• On 20 March, the UK Prime Minister formally wrote to Donald Tusk, the President of the European Council, requesting that Brexit should be delayed until 30 June 2019 – three months later than the long-envisaged exit date next Friday, 29 March 2019.

    Photo by Robert Tudor on Unsplash;
  • The UK Government’s request will be discussed on 21 March by the EU’s 27 heads of state and government at the European Council summit in Brussels.
  • It is unlikely the EU will unanimously approve the UK’s request, as this would necessitate the UK taking part in European Parliamentary elections on 23 May 2019.
  • The EU’s constitutional lawyers have advised that the UK remaining as a member state without UK Members of European Parliament having been elected could leave the EU’s institutions in paralysis. Guy Verhofstadt, the European Parliament’s Brexit coordinator, has emphatically stated that “it is absolutely not in the interests of the European union for [Brexit] to occur beyond the date of the European elections”.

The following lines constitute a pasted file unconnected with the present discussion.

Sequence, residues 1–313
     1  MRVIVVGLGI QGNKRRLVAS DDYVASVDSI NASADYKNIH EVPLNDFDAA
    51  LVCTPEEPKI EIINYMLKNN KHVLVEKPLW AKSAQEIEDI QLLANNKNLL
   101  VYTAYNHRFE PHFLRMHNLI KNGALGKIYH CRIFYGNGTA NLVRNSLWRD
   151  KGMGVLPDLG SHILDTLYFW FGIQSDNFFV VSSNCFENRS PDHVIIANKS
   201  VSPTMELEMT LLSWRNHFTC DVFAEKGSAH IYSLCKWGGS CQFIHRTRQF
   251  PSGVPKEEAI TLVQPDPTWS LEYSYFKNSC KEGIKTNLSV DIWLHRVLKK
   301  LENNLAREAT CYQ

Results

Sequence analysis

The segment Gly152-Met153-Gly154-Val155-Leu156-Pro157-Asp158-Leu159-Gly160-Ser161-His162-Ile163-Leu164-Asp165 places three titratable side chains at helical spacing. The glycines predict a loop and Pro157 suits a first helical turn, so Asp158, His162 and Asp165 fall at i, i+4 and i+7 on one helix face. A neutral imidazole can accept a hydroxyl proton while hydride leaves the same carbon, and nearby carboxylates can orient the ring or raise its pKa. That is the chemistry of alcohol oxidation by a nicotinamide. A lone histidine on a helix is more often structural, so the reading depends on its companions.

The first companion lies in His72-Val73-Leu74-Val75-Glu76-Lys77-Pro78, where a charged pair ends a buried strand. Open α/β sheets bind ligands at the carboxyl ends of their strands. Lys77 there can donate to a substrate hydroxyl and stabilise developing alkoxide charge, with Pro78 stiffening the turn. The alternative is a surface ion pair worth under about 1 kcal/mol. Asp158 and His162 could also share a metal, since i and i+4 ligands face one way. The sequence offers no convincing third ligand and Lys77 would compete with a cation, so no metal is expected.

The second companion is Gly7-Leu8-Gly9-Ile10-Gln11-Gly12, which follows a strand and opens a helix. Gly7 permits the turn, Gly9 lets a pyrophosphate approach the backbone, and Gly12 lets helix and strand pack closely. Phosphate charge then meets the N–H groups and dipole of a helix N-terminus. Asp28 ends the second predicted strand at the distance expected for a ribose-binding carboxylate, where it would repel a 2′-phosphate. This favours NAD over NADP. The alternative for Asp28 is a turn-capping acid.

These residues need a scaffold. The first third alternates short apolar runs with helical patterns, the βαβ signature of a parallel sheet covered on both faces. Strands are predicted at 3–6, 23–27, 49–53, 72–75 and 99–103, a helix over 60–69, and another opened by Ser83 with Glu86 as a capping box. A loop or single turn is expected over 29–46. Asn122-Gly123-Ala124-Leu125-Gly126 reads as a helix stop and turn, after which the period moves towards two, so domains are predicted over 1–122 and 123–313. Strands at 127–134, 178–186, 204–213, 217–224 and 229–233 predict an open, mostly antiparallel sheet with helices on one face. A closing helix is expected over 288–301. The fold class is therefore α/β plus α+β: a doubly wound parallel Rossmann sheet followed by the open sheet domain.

• Therefore, it is likely that any extension granted by the EU (a) sets a new Brexit date of no later than 22 May 2019; and (b) is made conditional on the UK Government getting UK Parliamentary approval – at the third time of asking – of the Brexit “Withdrawal Agreement” that the UK Government negotiated with the EU.
  • If the UK Government fails to get approval for the Withdrawal Agreement, senior EU figures have suggested it is likely an emergency EU summit will be convened next week (potentially hours before the 29 March deadline) and the EU may offer either a long extension (potentially to the end of 2019) or a No-Deal Brexit.
  • Simultaneously, UK Parliament will again look to seize control of Brexit proceedings from the UK Government as the window to change the UK’s path forward before what is still the default course of action – No-Deal Brexit on 29 March 2019 – can take effect.